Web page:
The Last Rose of Summer
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The Last Rose of Summer is a poem by the Irish poet Thomas Moore. He wrote it in 1805, while staying at Jenkinstown Park in County Kilkenny, Ireland, where he was said to have been inspired by a specimen of Rosa 'Old Blush'.  The poem is set to a traditional tune called "Aislean an Oigfear", or "The Young Man's Dream", which was transcribed by Edward Bunting in 1792, based on a performance by harper Denis Hempson (Donnchadh Ó hÁmsaigh) at the Belfast Harp Festival. The poem and the tune together were published in December 1813 in volume 5 of Thomas Moore's A Selection of Irish Melodies. The original piano accompaniment was written by John Andrew Stevenson, several other arrangements followed in the 19th and 20th century.
There are innumerable arrangements and sets of "theme and variations" during the 19th century. The following is a selection only.
- Ludwig van Beethoven used it twice: a) as no. 6 "Sad and Luckless was the Season" in volume 2 of his Irish Songs WoO 153 (written 1814, published 1816), and b) as no. 4 of his Six National Airs with Variations op. 105 for flute and piano (composed 1818, published 1819)
- Ferdinand Ries: Grand sestetto ... in which is introduced the admired air 'The Last Rose Summer' op. 100, for string quartet, double bass, piano (1819)
- Friedrich Kalkbrenner: Eighth Fantasia for the piano forte in which is introduced a favourite Irish melody op. 50, for piano (1821)
- Charles Bochsa: Fantaisie et variations sur un air favori irlandais, for harp (1822)
- Mauro Giuliani: No. 2 of Six Airs irlandois nationales variés op. 125, for guitar (c.1825)
- Ignaz Moscheles: The Recollections of Ireland op. 69, for piano and orchestra (1826)
- Felix Mendelssohn: Fantasia on 'The Last Rose of Summer' op. 15, for piano (c.1827)
- Jean-Louis Tulou: Souvenir anglais op. 51, for 2 flutes and piano (1828)
- Friedrich Kuhlau: Variations on an Irish Folksong op. 105, for flute and piano (1829)
- Kaspar Kummer: Des Sommers letzte Rose, no. 6 in: Transcriptionen über beliebte Themen op. 57, for 2 flutes (1829)
- Henri Herz: The Last Rose of Summer op. 159, for piano (1842)
- William Vincent Wallace: The Last Rose of Summer (1846)
- Friedrich von Flotow: aria "Letzte Rose" in the opera Martha (1847)
- Charles Mayer: La Dernière rose. Fantaisie variée, for piano (mid-1840s)
- Mikhail Glinka: Theme ecossais varie based on the Irish tune 'The Last Rose of Summer', for piano (1847)
- Joseph Joachim Raff: The Last Rose of Summer. La Dernière rose. Impromptu op. 46, for piano (1849)
- August Neithardt(de): Des Sommers letzte Rose op. 141 no. 3, for mixed choir (1850)
- Brinley Richards: The Last Rose of Summer op. 45, for piano (1853)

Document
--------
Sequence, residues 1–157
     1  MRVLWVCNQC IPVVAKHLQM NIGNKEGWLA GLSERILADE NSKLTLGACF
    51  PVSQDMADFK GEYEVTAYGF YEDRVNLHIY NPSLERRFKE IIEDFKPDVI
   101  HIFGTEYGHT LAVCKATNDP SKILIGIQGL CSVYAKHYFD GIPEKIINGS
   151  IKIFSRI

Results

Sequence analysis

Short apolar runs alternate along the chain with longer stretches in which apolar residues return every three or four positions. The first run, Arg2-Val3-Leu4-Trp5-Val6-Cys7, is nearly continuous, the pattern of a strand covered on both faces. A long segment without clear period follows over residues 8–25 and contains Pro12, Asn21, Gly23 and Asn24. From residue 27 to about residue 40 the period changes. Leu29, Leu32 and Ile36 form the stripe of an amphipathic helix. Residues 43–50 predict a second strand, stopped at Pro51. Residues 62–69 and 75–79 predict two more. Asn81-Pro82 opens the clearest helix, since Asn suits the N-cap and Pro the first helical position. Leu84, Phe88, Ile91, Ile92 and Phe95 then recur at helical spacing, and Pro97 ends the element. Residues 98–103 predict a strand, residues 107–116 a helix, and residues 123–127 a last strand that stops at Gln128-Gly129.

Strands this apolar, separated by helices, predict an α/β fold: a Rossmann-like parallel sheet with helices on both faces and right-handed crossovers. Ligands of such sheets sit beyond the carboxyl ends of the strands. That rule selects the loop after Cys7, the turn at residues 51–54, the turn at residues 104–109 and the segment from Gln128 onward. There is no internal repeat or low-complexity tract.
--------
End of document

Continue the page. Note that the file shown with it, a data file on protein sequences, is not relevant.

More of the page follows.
- Charles Oberthür: Fantaisie brillante, on motives of Flotow's Martha, introducing the air 'The Last Rose of Summer' op. 116, for harp (1854)
- Sigismond Thalberg: The Last Rose of Summer. Air irlandais varié op. 73, for piano (1857)
- Henri Vieuxtemps: No. 5 of Bouquet Americain op. 33 ("Dernière rose de l'été"), for violin and piano (1860)
- Heinrich Wilhelm Ernst: No. 6 of Sechs mehrstimmige Etüden (Six Polyphonic Studies): Variations on 'The Last Rose of Summer', for violin solo (1865)
- Joseph O'Kelly: La Dernière rose; no. 6 of Les Soirées enfantines, 2nd series, versions for piano solo and 4-hands (1866)
- Jules Danbé: La Dernière rose. Mélodie irlandaise, fantaisie, for violin and piano (1870)
- Charles Gounod: The Last Rose of Summer, for mixed choir (1873)
- Sydney Smith: The Last Rose of Summer. Paraphrase de concert op. 173, for piano (c.1880)
- Félix Godefroid: La Dernière rose d'été. Mélodie irlandaise, for harp (1891)
- Max Reger: Vierstimmiger Kanon über das Lied 'Letzte Rose', for piano (1903)
- Paul Hindemith alluded to both words and music in his On Hearing 'The Last Rose of Summer', part of Nine English Songs (1944)
- Benjamin Britten: no. 9 of Folksong Arrangements, vol. 4: Moore's Irish Melodies (1958)
- In Japan, the melody is widely known as the song Niwa-no-Chigusa (庭の千草?), meaning "The Plants in the Garden". The poem was adapted by Tadashi Satomi (1824–1886) and published as part of Songs for the Elementary School (book III) in 1884 by the Educational Ministry.
- The poem is alluded to in the Grateful Dead song "Black Muddy River", which is sung to the original tune.
- Clannad released a rendition of the song on their album Crann Úll.
- Sarah Brightman recorded the song for her album The Trees They Grow So High.
- It was made popular in the twenty-first century in a recording by Charlotte Church and the Irish Tenors.